April 24, 2019
When was the last time you checked your financial health?
April is a good time to take your financial vital signs. It seems exceptionally apropos as we just finished tax season which is always a major reality check.
First introduced in 2003, the initiative started as an effort to teach people how to establish and maintain healthy financial habits as so many in the U.S. have a true issue managing their personal finances.
Sound familiar? This is backed up by some surprising statistics. 70% of us live paycheck to paycheck. 40% can’t afford a $400 cash emergency, with 1 in 3 people having not a single dollar in retirement savings, and the average household $16,000 in debt. So if you found yourself short right at or after tax time, now is the perfect time to take stock and get better control of your financial future.
Shannon McLay, a former financial advisor at Merrill Lynch, founded and launched The Financial Gym in 2017. While McLay had a thriving practice in her previous positions, she also met with “pro bono” clients who didn’t have assets. McLay’s side gig led to an aha moment when she shared a financial plan with a client who remarked, “You know you’re saving my life, right?”
The incident created the impetus for McLay to create The Financial Gym to serve a wider range of individuals and services for the average person, specifically women, to reach personal financial health.
According to McLay, there are five key numbers that will decipher your financial health and get you on the road to gaining better control over your finances. Take the test and see how you do.
Increase The Amount Of Savings + Emergency Savings You Have Available
McLay recommends clients save a minimum of 15% of their gross monthly income. The best way to hit this goal and establish good habits is by creating an auto draft from your checking to your savings account for this amount every month.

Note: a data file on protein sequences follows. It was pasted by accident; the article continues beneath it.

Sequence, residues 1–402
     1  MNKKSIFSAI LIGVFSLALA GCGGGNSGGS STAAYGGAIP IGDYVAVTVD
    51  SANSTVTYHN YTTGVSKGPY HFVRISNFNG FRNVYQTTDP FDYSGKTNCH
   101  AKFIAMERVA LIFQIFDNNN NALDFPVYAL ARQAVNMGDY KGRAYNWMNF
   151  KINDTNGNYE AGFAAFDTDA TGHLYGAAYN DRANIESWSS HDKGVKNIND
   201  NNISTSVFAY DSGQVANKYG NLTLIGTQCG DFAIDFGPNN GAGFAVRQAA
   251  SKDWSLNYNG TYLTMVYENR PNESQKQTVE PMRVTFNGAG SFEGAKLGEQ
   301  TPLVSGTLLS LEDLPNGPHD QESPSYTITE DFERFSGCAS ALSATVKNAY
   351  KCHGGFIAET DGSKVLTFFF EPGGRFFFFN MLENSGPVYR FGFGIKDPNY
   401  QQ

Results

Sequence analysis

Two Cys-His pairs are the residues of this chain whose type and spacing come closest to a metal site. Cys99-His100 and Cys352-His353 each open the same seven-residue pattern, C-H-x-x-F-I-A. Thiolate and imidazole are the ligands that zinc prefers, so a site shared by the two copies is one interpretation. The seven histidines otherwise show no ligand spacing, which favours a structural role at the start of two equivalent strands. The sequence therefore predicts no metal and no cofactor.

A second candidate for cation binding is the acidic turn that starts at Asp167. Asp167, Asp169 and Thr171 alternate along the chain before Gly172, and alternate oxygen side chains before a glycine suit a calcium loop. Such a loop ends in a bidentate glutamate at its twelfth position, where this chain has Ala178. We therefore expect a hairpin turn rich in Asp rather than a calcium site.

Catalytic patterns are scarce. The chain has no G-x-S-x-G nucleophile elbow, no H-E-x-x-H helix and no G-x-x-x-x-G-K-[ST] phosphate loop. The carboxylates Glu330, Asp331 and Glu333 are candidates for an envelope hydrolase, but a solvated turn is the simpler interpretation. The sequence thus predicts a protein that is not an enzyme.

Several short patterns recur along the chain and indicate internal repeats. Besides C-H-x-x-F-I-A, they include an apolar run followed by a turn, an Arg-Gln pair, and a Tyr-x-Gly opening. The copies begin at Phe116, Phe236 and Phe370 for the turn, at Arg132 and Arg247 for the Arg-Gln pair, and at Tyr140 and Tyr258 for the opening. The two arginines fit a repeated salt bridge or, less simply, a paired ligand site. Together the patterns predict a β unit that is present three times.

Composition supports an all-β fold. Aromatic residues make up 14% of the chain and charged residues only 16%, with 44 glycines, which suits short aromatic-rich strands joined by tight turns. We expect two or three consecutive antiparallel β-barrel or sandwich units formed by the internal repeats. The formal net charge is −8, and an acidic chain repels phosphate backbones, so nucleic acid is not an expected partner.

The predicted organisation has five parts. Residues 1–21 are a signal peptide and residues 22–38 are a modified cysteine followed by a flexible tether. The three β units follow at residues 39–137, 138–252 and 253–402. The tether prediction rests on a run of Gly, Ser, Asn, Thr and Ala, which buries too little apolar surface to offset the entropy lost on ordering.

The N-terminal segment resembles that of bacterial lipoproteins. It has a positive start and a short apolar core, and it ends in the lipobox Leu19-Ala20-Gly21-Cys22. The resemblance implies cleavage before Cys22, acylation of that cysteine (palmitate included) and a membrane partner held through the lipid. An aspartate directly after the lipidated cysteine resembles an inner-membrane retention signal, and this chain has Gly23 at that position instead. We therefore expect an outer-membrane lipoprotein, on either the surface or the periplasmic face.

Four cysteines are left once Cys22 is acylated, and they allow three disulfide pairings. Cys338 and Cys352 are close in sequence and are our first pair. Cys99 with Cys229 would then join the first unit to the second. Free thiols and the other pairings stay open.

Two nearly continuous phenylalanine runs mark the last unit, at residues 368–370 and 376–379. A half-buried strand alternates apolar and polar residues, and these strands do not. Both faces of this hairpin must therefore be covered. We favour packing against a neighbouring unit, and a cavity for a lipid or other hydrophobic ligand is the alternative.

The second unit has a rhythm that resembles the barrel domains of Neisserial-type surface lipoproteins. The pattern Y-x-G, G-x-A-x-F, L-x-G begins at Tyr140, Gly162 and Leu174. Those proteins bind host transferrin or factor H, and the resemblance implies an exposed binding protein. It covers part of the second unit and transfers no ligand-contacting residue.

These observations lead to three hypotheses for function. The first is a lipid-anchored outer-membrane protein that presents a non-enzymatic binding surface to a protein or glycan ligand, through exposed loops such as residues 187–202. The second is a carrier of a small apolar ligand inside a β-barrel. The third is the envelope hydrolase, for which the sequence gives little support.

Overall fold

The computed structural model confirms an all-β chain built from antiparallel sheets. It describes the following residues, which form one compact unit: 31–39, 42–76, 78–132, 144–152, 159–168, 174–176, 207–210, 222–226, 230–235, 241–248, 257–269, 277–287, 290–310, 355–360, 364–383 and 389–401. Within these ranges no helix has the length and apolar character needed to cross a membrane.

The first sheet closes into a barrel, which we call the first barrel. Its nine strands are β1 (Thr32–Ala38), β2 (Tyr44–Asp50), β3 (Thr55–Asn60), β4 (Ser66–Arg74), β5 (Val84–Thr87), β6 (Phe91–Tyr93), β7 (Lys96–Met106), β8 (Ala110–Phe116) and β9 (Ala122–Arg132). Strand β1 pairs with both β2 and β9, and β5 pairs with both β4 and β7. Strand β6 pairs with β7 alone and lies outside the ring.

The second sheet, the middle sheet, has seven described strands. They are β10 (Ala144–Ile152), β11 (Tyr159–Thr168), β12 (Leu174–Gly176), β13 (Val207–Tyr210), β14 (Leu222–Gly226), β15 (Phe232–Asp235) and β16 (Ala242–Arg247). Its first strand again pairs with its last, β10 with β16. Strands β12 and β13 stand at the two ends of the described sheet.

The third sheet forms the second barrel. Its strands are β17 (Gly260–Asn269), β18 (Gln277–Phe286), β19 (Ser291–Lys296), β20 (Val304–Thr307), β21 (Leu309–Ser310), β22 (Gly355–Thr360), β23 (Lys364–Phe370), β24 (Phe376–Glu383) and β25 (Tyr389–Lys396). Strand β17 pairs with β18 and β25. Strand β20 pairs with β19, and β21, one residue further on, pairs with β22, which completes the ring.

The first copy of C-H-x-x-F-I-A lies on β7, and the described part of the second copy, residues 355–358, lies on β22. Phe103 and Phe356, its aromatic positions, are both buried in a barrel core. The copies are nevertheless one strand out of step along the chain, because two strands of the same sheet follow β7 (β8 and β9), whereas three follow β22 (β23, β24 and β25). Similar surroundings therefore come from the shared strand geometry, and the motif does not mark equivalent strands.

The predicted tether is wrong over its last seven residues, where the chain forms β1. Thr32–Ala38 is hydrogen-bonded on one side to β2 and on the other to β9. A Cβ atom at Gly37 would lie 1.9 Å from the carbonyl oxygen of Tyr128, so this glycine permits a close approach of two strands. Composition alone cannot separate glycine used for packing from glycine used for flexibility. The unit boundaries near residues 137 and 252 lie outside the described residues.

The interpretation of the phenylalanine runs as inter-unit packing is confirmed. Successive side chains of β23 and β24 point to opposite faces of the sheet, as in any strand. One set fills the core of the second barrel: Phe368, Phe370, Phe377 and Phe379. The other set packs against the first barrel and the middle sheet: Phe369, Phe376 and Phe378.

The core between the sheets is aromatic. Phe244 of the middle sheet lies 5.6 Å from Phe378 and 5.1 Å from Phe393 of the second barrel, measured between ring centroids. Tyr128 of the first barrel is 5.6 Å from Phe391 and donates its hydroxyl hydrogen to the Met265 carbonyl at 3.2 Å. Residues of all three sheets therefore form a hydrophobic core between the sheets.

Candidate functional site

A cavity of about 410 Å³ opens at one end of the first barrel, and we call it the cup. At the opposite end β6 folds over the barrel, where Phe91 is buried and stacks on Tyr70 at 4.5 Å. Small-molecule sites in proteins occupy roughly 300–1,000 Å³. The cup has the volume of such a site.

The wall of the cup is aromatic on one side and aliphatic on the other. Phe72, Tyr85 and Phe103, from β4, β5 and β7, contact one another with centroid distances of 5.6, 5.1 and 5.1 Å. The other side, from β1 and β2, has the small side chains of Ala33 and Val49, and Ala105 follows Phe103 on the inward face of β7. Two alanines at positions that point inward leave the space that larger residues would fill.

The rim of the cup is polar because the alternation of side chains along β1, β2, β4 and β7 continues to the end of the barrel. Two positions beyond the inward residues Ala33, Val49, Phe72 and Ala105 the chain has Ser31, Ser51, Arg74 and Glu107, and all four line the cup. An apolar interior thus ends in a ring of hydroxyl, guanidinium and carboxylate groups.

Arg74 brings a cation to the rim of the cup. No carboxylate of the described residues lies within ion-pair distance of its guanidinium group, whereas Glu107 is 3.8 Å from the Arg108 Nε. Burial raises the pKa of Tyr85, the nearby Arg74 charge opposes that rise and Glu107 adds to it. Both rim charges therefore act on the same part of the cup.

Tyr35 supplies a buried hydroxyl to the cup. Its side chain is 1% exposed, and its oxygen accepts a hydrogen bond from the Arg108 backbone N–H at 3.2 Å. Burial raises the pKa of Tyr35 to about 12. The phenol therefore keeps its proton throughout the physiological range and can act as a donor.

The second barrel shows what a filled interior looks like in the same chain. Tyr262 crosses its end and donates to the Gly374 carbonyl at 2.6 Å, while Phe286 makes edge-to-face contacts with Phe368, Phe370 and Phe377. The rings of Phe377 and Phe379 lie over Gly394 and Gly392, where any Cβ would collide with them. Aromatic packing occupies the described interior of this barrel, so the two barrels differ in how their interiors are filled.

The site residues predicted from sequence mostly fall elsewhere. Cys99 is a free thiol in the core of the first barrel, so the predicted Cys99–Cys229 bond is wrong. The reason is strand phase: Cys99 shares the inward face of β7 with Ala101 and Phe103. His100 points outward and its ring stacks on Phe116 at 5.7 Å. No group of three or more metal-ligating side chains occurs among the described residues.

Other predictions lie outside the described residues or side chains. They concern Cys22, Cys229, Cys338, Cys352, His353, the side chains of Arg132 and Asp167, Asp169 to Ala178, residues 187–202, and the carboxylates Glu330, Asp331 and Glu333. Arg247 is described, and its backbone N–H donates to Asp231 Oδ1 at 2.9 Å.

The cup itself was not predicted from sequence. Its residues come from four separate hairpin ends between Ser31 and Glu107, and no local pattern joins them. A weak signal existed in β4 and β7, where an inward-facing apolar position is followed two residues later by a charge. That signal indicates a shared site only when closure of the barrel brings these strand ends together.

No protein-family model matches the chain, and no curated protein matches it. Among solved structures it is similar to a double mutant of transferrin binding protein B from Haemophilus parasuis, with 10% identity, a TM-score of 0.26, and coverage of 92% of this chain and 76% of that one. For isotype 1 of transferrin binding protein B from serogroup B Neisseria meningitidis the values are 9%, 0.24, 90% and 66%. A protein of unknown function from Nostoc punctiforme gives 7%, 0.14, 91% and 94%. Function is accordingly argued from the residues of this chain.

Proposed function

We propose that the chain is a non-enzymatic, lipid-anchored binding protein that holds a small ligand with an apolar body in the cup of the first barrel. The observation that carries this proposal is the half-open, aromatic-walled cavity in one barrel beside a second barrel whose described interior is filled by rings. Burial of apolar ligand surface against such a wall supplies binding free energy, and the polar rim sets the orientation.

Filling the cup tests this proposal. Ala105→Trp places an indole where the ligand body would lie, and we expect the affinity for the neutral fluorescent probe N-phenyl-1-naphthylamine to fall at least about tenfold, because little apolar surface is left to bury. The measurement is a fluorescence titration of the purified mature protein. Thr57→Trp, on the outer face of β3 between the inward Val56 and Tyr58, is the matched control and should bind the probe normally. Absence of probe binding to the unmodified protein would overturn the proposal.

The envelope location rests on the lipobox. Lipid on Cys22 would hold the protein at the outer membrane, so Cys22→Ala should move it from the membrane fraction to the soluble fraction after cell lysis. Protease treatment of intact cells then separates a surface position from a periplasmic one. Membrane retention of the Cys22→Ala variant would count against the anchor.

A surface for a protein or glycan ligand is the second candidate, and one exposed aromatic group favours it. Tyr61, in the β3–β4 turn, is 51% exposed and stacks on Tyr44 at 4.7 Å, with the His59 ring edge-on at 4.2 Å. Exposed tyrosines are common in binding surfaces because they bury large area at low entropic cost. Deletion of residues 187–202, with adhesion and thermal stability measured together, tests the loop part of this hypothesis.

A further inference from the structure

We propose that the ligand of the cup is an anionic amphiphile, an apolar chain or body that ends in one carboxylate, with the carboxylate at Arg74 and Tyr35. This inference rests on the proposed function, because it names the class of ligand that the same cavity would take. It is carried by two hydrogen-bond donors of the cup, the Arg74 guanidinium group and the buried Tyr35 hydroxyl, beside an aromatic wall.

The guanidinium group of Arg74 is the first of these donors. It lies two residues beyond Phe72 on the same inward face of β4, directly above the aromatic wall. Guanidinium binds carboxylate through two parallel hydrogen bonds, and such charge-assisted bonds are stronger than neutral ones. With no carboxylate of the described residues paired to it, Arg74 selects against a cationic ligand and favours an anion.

To ease the pain, my recommendation is to divide the amount out based on whether you have weekly or bi-weekly pay periods. Because emergencies happen, your first savings goal is to save between 3 to 6 months of your monthly fixed expenses in a savings account. If you have $3,000 per month in bills you have to pay whether its rent, student loans, car payments, etc. then you should have between $9,000 and $18,000 saved.
If it’s a major hardship, try a longer savings period to tackle the goal. I personally did this system for my first five years in the workforce. I certainly had my rainy days but also had major piece of mind. I will admit I often wondered how others were doing so much better than me. The answer. They weren’t saving.
Watch Your Credit Score
You probably already know this. A financially healthy credit score is a 750 or higher. This means you have excellent credit. If you have a score below this, the good news is that credit scores are not permanent and they are fixable. Make a habit of looking up your credit score every three months (yes, they frequently change) and make sure all outstanding credit actually belongs to you. You don’t want to be penalized for someone else’s’ debt being attached to your creditworthiness. This actually happened to me and it was critical that I addressed the situation early on before it snowballed.